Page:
This draft of the Cuyahoga Greenways network shows on-street routes in blue and off-street routes in green.

FAIRVIEW PARK - A network of multipurpose paths, park trails and bike lanes linking the entire county has been proposed, including connecting the Westshore to the Cleveland Metropark's Emerald Necklace and downtown Cleveland.

Such a vision is being formed in a project called Cuyahoga Greenways, a joint effort of the Cuyahoga County Planning Commission, the Cleveland Metroparks and the Northeast Ohio Areawide Coordinating Agency.

The project's goal to link neighborhoods, parks and public transportation with greenways and urban trails was discussed Thursday at a public meeting at the Gemini Center in Fairview Park.

“It's really this idea of trying to expand and update the network of greenways and trail that exist across the county,” explained Oliver Kiley, a landscape architect with SmithGroupJJR, a consultant on the project.


The proposed network would build onregional routes, such as pathways in the Cleveland Metroparks and major roadways. Newer arteries are being considered by planners working on the project.

On the Westshore, a proposed route would connect the dedicated bike path that runs along Interstate-480 between Great Northern Boulevard and Stearns Road with the Cleveland Metroparks' Rocky River Reservation. Other paths would be placed on or along major arteries, such as Lake and Crocker roads.

Planners are midway through developing a master plan, which is due this summer, Kiley said. NOACA provided half of the $300,000 to develop that plan; Cuyahoga County Planning Commission, the Cleveland Metroparks, Bike Cleveland and a few municipalities provided the rest.

But no timeline has been set for completing the network. Two or three decades may pass before all gaps in major existing routes are filled, Kiley said. A century may pass before all the new routes envisioned in the master plan are created, he added.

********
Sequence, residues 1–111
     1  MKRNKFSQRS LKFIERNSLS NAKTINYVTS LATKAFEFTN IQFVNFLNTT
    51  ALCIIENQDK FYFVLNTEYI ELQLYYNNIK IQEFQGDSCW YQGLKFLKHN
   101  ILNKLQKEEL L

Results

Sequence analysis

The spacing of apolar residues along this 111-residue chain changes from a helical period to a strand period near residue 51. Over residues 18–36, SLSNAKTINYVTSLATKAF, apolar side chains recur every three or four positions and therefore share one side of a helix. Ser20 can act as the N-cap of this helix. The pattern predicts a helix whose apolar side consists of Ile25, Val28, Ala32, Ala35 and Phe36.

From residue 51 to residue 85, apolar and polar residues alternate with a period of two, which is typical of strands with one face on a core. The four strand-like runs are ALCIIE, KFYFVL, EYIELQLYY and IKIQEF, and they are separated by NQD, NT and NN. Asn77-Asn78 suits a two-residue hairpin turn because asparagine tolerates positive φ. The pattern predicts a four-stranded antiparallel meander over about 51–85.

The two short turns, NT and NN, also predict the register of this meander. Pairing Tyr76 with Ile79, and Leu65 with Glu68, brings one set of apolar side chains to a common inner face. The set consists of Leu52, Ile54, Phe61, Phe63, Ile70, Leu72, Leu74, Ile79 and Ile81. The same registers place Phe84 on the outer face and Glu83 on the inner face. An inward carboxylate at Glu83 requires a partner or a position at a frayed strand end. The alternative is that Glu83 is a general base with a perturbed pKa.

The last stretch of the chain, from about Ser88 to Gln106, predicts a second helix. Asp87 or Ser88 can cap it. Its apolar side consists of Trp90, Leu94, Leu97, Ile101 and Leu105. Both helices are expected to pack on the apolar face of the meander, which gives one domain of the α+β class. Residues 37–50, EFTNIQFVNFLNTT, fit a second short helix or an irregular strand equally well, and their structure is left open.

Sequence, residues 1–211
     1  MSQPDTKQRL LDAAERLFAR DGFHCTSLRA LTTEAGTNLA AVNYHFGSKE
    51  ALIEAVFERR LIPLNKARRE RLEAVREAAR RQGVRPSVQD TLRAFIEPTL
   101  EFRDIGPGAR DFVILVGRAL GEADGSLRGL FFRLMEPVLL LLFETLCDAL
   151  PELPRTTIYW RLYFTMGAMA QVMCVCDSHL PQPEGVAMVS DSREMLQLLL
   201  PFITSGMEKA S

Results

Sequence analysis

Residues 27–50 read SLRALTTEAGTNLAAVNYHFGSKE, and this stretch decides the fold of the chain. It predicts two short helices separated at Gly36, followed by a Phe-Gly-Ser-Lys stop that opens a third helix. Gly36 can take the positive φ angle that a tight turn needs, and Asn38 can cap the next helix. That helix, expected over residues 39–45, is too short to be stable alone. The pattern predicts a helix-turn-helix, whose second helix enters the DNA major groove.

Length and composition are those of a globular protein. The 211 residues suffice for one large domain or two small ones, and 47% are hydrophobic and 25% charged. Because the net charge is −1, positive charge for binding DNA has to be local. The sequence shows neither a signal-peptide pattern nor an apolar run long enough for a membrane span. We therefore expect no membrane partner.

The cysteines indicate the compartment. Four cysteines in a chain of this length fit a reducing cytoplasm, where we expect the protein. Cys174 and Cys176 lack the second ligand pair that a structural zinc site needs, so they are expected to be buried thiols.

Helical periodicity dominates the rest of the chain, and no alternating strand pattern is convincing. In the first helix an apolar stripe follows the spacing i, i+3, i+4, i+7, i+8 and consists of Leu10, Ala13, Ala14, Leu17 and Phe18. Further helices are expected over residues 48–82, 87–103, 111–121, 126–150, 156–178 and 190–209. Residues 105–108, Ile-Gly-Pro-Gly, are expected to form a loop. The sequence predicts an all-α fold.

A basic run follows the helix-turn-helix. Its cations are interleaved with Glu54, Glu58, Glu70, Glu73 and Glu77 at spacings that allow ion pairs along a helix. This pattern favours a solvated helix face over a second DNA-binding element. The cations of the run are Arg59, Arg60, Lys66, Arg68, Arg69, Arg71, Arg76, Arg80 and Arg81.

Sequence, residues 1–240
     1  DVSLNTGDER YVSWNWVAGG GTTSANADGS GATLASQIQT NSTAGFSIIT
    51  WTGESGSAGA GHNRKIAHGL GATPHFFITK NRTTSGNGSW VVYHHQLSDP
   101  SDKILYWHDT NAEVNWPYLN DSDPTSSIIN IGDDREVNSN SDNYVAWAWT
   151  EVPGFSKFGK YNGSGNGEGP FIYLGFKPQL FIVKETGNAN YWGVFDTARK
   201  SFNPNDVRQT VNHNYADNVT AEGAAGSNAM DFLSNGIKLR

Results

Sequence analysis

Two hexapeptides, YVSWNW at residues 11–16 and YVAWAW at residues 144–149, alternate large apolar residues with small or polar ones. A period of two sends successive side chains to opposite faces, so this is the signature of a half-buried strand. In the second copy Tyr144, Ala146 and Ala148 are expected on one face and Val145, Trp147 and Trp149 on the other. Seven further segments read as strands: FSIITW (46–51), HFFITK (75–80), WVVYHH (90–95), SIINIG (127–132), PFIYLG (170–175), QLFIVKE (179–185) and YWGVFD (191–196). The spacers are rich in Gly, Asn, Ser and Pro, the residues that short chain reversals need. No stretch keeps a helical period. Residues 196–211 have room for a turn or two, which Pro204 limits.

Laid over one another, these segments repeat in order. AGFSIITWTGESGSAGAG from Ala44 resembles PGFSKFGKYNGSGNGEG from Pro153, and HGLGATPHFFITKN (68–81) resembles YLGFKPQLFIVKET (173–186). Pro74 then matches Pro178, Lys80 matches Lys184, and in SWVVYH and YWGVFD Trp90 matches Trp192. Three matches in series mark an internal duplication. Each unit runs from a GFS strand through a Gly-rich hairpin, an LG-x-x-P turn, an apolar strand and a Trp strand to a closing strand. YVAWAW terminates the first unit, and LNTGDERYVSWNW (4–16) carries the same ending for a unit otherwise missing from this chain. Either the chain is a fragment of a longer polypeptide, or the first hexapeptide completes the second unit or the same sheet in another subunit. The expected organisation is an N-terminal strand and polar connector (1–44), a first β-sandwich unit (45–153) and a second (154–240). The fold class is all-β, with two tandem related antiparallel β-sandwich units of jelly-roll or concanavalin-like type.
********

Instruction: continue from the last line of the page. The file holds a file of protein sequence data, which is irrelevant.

That the network is in its embryonic stages was evident during the question-and-answer part of Thursday's meeting, one of three public meetings last week in Cuyahoga County on the project. Will the network offer bike rentals? Who will be responsible for maintaining the trails? What will the policy be on dog walking? Kiley acknowledged the project has not yet reached the stage of making decisions on any of those issues.

The 50 to 60 people who attended the meeting seemed to favor more trails but also appeared to recognize the financial and logistic obstacles the long-term project must overcome.

Planners will avoid seeking private property for new trails, Kiley said, and instead place routes along public rights-of-way, as well as utility and unused railroad corridors.

Candidate routes will be evaluated on several factors, including nearby population density, economic impact and ecological factors. Residents can visit two interactive online maps that show current drafts of the proposed network at and

“We've taken a lot of the input that we've been hearing from everybody, and we've developed sort of a first cut or first pass at a potential network of greenway routes,” Kiley said. “Our next couple of steps are going in and actually refining that plan, looking at how we take this big vision that identifies hundreds of miles of potential new trail and greenway, and prioritize that into projects that will really have a big impact.”

Because Cuyahoga Greenways today is merely a project of several area public agencies, it has no budget of its own, said Glenn Coyne, the county planning commission's executive director. Once the master plan is completed, who implements it and how will have to be decided, he said.

The network will likely be built piecemeal, sections at a time, with funding from a variety of sources, Coyne said, unless a large grant is obtained that makes a more rapid implementation possible.

Shawn Leininger, Fairview Park's development director and a member of Cuyahoga Greenways' steering committee, said the project promises better connections among area communities.

“It gives us other opportunities for biking and walking other than our streets,” Leininger said.

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